The values and attitudes that made Aboriginal peoples different from newcomers expressed themselves most clearly in the ceremonial practices of First Nations, Inuit, and, to a lesser extent, the Métis. A visitor among the Mi'kmaq of Cape Breton, for example, might notice that a fisher observed certain ceremonies and voiced prayers before fishing or consuming the catch. The Mi'kmaq fisher was expressing respect and gratitude to the spirits of the fish and to the Creator for the food that was being provided. Such rituals were essential because he believed that the fish allowed themselves to be taken. Innu who hunted moose in northeastern Quebec or Cree who prepared to break into a beaver lodge in search of meat and furs in northern Ontario carried out similar ceremonies of respect. The same fishers, hunters, and warriors would also say a prayer or make an offering of tobacco to the spirit of a rapids in the river that had to be traversed. In doing so, they hoped to ensure that the spirit of the waterway would allow them to pass safely. By their actions towards fish, animals, watercourses, and, indeed, everything on earth, Aboriginal people expressed their belief that they were related to all living things in the world. When Aboriginal people referred at the end of a prayer or speech to "all my relations," they were articulating their kinship with all of creation.
Sometimes the ceremonial expression of this world view was more elaborate than prayers before fishing or incantations at the head of rapids. Three specific examples—the Midewiwin, Sun/Thirst Dance, and the Potlatch—will illustrate the complexity of the ritual life that still prevailed among First Nations at Confederation and during the decades immediately following. Midewiwin was both the name of the healing group, or Grand Medicine Society, and the ritual practices among the Ojibwa and Saulteaux. As a ritual, Midewiwin was both a group healing ceremony and an educational forum intended to transmit and reinforce Ojibwa history and values. The term Midewiwin also referred to the shamans, or medicine men, who were curers, among which a number of levels of knowledge and prestige existed. A curer would have to study special knowledge and ritual for many years before advancing to the next level. As was the case with all Aboriginal groups and their shamans, Midewiwn among the Ojibwa used ritual and prayer to mediate between humans and other spirits. The objective, both among the Ojibwa and other groups, was always to keep different forces and beings in balance and harmony: such happy equilibrium was the source and guarantee of health and happiness, success, and security.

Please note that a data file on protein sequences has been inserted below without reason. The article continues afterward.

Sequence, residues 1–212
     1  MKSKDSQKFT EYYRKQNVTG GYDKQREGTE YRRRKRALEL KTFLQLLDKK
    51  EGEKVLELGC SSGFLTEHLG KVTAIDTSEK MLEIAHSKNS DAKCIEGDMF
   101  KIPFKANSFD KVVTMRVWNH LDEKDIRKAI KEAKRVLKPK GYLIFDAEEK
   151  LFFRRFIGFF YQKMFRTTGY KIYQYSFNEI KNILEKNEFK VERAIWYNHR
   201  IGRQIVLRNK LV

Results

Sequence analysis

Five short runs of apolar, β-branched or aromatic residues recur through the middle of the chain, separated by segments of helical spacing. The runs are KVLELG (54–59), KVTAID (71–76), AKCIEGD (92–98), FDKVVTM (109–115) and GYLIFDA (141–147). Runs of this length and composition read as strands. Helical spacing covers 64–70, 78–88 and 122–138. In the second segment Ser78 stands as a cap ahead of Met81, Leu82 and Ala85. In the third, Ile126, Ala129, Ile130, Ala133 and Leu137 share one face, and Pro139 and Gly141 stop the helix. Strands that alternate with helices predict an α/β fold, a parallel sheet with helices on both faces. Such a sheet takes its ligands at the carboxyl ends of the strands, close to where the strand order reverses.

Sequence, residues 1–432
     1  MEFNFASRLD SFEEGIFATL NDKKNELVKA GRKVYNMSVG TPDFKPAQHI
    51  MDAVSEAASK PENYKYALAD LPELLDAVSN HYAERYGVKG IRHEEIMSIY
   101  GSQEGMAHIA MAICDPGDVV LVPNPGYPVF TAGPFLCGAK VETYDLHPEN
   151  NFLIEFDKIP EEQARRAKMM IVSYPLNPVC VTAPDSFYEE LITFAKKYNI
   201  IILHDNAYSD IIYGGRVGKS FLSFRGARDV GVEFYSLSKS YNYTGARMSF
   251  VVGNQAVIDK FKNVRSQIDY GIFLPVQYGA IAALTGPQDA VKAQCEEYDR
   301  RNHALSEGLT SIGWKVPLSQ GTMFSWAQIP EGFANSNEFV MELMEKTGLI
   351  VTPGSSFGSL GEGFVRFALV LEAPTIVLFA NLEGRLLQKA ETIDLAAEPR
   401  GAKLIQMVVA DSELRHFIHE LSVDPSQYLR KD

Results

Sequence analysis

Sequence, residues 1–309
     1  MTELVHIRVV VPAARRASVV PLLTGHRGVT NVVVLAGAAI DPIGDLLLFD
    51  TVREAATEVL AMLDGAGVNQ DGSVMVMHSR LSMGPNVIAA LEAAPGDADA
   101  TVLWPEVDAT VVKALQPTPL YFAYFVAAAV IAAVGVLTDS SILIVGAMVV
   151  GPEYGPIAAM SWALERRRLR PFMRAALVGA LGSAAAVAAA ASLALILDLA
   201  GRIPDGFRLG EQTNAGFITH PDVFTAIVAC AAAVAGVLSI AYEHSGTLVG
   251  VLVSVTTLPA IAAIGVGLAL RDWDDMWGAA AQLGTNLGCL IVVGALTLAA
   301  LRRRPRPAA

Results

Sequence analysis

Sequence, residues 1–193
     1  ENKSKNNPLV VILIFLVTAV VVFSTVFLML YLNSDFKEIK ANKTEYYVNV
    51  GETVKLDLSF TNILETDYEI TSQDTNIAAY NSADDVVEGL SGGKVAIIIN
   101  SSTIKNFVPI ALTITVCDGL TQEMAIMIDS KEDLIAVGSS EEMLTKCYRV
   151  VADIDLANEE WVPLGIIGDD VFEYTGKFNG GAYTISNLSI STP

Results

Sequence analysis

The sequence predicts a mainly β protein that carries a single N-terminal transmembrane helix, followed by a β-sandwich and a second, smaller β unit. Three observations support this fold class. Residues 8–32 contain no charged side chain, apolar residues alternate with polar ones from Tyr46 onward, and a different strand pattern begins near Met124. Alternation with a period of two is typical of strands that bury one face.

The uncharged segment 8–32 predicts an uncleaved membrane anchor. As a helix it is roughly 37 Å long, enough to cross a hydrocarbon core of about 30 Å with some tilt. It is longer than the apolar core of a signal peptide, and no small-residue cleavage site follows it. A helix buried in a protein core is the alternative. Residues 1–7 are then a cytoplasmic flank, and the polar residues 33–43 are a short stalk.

The same assumptions and goals—harmony and balance—were at the heart of Prairie ceremonies that were known as the Thirst Dance among Assiniboine and Plains Cree and the Sun Dance among the members of the Blackfoot Confederacy. Someone who had experienced a crisis and raised a prayer for assistance sponsored the ceremony in the late spring or early summer. The celebrants danced around and hung offerings on a sacred pole erected in the middle of a dance lodge constructed of saplings. Participants refrained from eating and drinking through long periods, sometimes days, of dancing and other observances. Sometimes young males, in a gesture of sacrifice, bound themselves to the central pole by leather thongs attached to their chest or shoulders by wooden pins. They then danced until they tore the skin and were freed. Participants in these sacred observances at the Thirst or Sun Dance, as was the case with Midewiwin rituals, also enjoyed social contact and communication among the members of their group. In the Sun Dance camp, friendships were renewed, marriages pledged, and all manner of human interaction carried out. The summer ceremonials were also opportunities for Plains diplomats and political leaders to carry out discussions with people, including invited representatives of other nations, with whom they hoped to co-operate politically, diplomatically, and, if necessary, militarily. Finally, an essential part of Plains summer ceremonialism was lavish distribution of material property. In the disapproving language of missionaries and bureaucrats, however, these rituals were simply "giveaways."